Between Egypt and Ethiopia, the war for water may begin

Between Egypt and Ethiopia, the war for water may begin
The new year 2018 can bring new challenges to Egypt. Under threat was his quota on the use of the water of the Nile, which for seven thousand years gives life to the Land of the Pyramids. Already this summer, the “Renaissance” dam that Ethiopia builds on its territory in the upper Nile can become an unpleasant reality for Egypt, and in Cairo seriously fear that after its commissioning the volume of water entering the Egyptian territory will be significantly reduced, which will lead to its shortage.
Question of life and death
“I assure the Egyptians that no one will be able to encroach on our part of the Nile water,” Egyptian President Abdel Fattah al-Sisi promised late last year.
He said that Cairo recognizes Ethiopia’s right to develop electric power, but states that “for Egypt, the water of the Nile is a matter of life and death.”
The optimistic statements of the Egyptian leader were made after it became evident that the next round of multi-year talks with Ethiopia on the water issue was a complete failure. The parties have not managed to agree on either the volume of water in the reservoir of the new dam “Vozrozhdenie” or the pace of its filling.
Egyptian Prime Minister Sherif Ismail in his assessment of the situation around the Nile was more cautious, believing that henceforth “any options for the development of events are possible.”
As experts admit, Cairo has not so many ways to influence the realization of the “Ethiopian dream.” Political pressure is unlikely to help stop the construction of the century in Ethiopia. It is possible, of course, to appeal to the UN to create a special commission on the distribution of Nile water, but its conclusions will in any case be merely advisory. Egypt can also complain to the International Court of Justice. However, cases there are considered for years, and by the time the verdict is delivered the dam will be completed and put into operation. A forceful decision – an extreme measure – has not yet been seriously considered.
Where the Nile is Flowing
Since 2012, Ethiopia has been implementing a large-scale project for the construction of the Vozrozhdenie dam on the Blue Nile, which, scheduled for 2018-2019, will inevitably affect the water situation in the downstream Sudan and Egypt, as experts admit. Since the beginning of the construction, Egypt, Sudan and Ethiopia have already held more than a dozen meetings to resolve issues of water distribution and the launch of a new facility, but they all ended in nothing.
Ethiopia explains the construction of the HPP on the Nile very simply: a country with a developing economy simply needs a new stable source of electricity (the declared capacity of the Ethiopian HPP will be about six thousand megawatts). The hydroelectric power plant on the Nile, which will become the largest in Africa, will enable this country not only to fully supply itself with electricity, but also sell it to its neighbors. At the same time in Addis Ababa assure that they are not going to infringe the rights of Egypt and Sudan. However, in Cairo the problem is seen differently.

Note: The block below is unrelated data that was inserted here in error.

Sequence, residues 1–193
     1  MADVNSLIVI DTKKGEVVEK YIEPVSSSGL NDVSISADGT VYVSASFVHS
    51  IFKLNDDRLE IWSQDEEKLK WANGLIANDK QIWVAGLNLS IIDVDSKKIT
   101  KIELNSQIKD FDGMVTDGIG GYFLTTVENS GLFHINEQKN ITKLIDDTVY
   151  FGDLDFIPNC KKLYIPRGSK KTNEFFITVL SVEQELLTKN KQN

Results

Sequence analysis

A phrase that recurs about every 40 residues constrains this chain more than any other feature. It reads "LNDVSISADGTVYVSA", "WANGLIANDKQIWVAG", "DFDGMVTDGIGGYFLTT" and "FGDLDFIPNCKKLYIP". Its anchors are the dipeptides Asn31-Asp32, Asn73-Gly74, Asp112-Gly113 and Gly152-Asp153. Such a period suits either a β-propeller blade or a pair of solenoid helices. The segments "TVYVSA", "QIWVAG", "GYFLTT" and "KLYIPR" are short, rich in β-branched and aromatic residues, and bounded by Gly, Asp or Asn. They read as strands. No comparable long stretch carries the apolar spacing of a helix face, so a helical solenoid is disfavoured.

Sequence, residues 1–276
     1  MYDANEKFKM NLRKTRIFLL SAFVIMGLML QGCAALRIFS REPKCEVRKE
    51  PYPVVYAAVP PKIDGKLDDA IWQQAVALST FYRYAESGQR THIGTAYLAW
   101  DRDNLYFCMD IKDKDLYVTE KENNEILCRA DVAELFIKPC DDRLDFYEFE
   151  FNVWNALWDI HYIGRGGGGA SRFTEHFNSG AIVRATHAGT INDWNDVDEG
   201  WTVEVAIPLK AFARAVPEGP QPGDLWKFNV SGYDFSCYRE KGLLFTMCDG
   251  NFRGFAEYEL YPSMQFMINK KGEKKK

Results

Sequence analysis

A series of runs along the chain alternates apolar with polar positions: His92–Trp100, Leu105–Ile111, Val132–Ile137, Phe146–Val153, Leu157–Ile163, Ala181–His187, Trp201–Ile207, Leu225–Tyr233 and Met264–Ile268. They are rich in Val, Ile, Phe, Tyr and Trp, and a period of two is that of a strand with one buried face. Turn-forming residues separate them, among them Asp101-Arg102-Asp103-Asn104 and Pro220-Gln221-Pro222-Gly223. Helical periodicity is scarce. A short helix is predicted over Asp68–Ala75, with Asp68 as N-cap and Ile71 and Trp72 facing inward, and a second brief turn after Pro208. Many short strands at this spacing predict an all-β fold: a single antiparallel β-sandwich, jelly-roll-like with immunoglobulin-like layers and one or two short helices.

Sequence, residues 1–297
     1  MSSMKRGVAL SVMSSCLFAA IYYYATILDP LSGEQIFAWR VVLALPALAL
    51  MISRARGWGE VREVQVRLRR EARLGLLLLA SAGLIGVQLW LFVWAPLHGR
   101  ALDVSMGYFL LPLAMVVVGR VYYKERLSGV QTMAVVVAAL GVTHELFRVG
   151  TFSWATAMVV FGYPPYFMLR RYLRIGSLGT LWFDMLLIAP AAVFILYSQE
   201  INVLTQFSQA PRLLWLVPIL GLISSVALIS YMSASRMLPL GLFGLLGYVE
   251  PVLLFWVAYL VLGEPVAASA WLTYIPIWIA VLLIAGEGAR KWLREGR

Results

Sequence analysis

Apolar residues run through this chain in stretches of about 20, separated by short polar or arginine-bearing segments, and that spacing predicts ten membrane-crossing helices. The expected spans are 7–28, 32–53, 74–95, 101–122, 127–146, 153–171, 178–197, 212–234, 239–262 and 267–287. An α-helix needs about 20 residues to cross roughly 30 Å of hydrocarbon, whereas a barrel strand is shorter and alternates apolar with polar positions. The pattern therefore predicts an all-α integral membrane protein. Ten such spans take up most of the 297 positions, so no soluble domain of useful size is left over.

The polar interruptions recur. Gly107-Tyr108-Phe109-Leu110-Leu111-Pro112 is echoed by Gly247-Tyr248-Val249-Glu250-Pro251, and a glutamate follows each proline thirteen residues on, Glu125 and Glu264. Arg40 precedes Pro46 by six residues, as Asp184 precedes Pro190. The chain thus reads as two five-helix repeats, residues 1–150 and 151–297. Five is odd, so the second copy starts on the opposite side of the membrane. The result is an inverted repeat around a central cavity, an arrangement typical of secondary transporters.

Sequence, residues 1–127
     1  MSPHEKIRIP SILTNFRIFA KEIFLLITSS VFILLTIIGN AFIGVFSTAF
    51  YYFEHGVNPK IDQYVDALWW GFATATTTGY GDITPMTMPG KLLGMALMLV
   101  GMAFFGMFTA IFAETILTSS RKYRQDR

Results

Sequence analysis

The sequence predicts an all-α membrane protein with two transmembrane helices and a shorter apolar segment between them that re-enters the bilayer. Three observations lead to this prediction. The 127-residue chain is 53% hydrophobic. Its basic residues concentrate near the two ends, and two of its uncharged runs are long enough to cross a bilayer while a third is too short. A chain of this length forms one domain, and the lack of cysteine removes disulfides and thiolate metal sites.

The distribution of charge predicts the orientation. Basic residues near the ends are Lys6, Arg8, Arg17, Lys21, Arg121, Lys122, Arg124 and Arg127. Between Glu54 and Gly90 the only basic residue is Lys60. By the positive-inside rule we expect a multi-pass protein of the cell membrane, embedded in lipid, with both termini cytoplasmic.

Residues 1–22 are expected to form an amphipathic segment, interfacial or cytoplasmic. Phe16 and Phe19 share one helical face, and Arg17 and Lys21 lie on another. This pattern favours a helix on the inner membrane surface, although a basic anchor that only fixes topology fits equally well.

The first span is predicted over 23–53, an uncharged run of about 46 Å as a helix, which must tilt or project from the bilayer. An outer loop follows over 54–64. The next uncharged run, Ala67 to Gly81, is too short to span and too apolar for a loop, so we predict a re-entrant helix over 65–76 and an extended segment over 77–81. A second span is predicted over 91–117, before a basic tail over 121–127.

The key problem of the negotiations is the time during which the reservoir of the Vozrozhdenie dam will be filled.
“The faster the reservoir will be filled, the more negative consequences will be for Egypt,” the expert explained. According to him, Egypt suggested gradually filling the reservoir for 10 years, for which 74 billion cubic meters of water is needed. Ethiopia is going to do it in just three years. If this goes on, then Egypt and Sudan will be missing 25 billion cubic meters of water in one year.
Egypt, which currently chooses its quota of 55.5 billion cubic meters of water a year, insists on maintaining its “historical rights” to the water of the Nile, guaranteed by international agreements of 1929 and 1959. These documents give Egypt and Sudan the right to 87% of the Nile waters.
As for the pace of dam construction, they depend, first of all, on the financing of the project. According to the expert, Ethiopia has already allocated 4 billion dollars for the construction of the HPP, But its total cost may reach 8.5 billion. “Most likely, it will be put into operation in the summer of 2018 during the rainy season – this is an ideal time to start its operation,” Nur Ahmed Abdel Monem believes. In extreme cases, its launch can be postponed for 2019.
In any case, the expert sees no indication that Ethiopia wants to cooperate with Egypt on this issue. “Ethiopia is dragging out negotiations, while the construction of the dam continues,” he added.
All life along the Nile
The Blue Nile, which originates in Ethiopia, merges in Khartoum with the White Nile, and then the Nile River flows through the Sudan and Egypt and flows into the Mediterranean Sea.
The Egyptians have historically lived only on an insignificant part of the territory of their country – in the valley and delta of the Nile with their fertile lands. The rest of the territory today, like thousands of years ago, is inhabited little or not at all. Arable land is almost 90% dependent on the water of the Nile. The high-rise Aswan HPP, built in Egypt on the Nile with the participation of the USSR in 1971, still supplies the country with electricity. In the south of Egypt along the river floating hotels with foreign tourists, which bring significant income to the treasury.
The whole settled life of Egypt can be threatened if the water level in the Nile falls after the launch of the Ethiopian “Renaissance”.

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